Take 2

We’re asking our friends across our film and creative communities to pick a film that’s available to watch online and tell us in two minutes or less what they love about it. Everything mentioned in this series is available to watch on free or paid streaming services.

Video Tour

We recently opened our virtual doors for Open House Melbourne Weekend. Step backstage and explore The Capitol’s hidden corners with Peter Malatt, architect and founding director of Six Degrees Architects, and Professor Martyn Hook, Dean, School of Architecture and Urban Design, RMIT. Our guides take you behind-the-scenes, through The Capitol’s curving staircases, historic serveries and galleys, and spaces not usually accessible to the public.

This digital tour offers a truly intimate look inside The Capitol. You’ll see things you wouldn’t get to see if you were there IRL, and hear Peter and Martyn share some of the magic and the history behind “the best cinema that has ever been built, or is ever likely to be built”, as iconic Australian architect Robin Boyd once lavishly declared.

Virtual Visit

Join us for a virtual experience of The Capitol from anywhere in the world, at any time that suits you. Our Virtual Visit invites you inside the spectacular Theatre, as well as the upper and lower foyers, Salon and Lounge at The Capitol. Stare up at the awe-inspiring ceiling (our own crystal palace), peek behind the stage curtain, and ogle the bold, geometric carpet in the foyers (gives The Shining’s carpet a run for its money).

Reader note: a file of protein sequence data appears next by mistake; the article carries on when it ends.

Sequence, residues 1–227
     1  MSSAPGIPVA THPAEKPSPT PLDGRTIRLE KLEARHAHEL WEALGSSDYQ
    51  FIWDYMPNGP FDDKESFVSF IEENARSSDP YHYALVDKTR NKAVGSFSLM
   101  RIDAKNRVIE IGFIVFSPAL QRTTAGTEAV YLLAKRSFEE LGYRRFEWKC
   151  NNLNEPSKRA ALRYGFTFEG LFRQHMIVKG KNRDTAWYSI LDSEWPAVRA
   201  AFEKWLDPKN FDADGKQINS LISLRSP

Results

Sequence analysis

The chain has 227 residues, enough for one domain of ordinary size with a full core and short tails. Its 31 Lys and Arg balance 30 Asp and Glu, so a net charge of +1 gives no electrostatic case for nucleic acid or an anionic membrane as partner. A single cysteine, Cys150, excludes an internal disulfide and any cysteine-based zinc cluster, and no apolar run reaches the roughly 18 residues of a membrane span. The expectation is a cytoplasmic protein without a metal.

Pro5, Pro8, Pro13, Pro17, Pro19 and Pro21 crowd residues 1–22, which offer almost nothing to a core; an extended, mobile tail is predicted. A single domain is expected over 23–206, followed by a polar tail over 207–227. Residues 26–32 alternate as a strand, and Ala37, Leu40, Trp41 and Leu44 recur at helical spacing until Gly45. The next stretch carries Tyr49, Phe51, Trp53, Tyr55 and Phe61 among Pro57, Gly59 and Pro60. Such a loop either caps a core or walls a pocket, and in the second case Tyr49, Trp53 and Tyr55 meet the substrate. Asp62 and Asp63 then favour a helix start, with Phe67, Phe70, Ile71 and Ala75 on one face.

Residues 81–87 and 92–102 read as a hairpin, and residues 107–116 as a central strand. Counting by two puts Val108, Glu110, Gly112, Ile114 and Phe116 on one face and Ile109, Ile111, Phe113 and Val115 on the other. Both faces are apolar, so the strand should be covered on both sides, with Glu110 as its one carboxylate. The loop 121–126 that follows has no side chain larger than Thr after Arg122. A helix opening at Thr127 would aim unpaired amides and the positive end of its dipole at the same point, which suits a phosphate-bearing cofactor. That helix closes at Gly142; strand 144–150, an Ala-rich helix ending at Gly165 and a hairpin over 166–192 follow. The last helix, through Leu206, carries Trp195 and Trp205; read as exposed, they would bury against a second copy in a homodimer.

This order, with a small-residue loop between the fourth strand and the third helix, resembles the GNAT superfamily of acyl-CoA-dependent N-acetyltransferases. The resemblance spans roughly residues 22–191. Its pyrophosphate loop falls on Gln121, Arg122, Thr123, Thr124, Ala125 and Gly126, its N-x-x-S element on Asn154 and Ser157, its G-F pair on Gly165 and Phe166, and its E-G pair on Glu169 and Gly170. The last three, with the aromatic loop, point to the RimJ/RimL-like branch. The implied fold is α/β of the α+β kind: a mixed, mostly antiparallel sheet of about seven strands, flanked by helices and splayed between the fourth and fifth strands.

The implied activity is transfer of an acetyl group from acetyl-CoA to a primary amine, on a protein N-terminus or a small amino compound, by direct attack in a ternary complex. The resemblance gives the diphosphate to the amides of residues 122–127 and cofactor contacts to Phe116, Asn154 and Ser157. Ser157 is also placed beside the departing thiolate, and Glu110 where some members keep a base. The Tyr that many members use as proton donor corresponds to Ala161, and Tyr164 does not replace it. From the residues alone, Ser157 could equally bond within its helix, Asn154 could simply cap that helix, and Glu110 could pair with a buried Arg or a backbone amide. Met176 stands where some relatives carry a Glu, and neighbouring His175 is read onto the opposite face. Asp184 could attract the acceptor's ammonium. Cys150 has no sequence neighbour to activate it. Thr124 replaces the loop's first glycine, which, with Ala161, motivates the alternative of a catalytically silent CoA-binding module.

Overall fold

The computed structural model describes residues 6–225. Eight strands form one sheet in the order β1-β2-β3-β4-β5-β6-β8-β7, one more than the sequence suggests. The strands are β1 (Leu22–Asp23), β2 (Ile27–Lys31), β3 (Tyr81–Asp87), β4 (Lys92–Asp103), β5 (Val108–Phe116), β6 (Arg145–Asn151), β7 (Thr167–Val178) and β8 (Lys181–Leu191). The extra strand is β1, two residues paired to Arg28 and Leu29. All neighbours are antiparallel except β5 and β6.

Discover the Theatre and Foyer here. Then wander through the Salon and Lounge here.

Image: The Theatre in The Capitol. Photo: Tatjana Plitt

Our History

The Capitol was originally built in 1924 by celebrated architects Marion Mahony Griffin and Walter Burley Griffin. The Chicago-Gothic-style theatre, then known as the ‘Capitol Theatre’, is considered their greatest interior design work. The Capitol was the first extravagant ‘picture palace’ to be built in Victoria.

It originally seated over 2137 people through sweeping stalls and circles, and today the updated capacity is still a grand 568. The theatricality of the movie-going experience was – and still is! – made more spectacular by the unique light displays in the crystalline ceiling, often choreographed to play in time with live orchestral scores during the silent film era.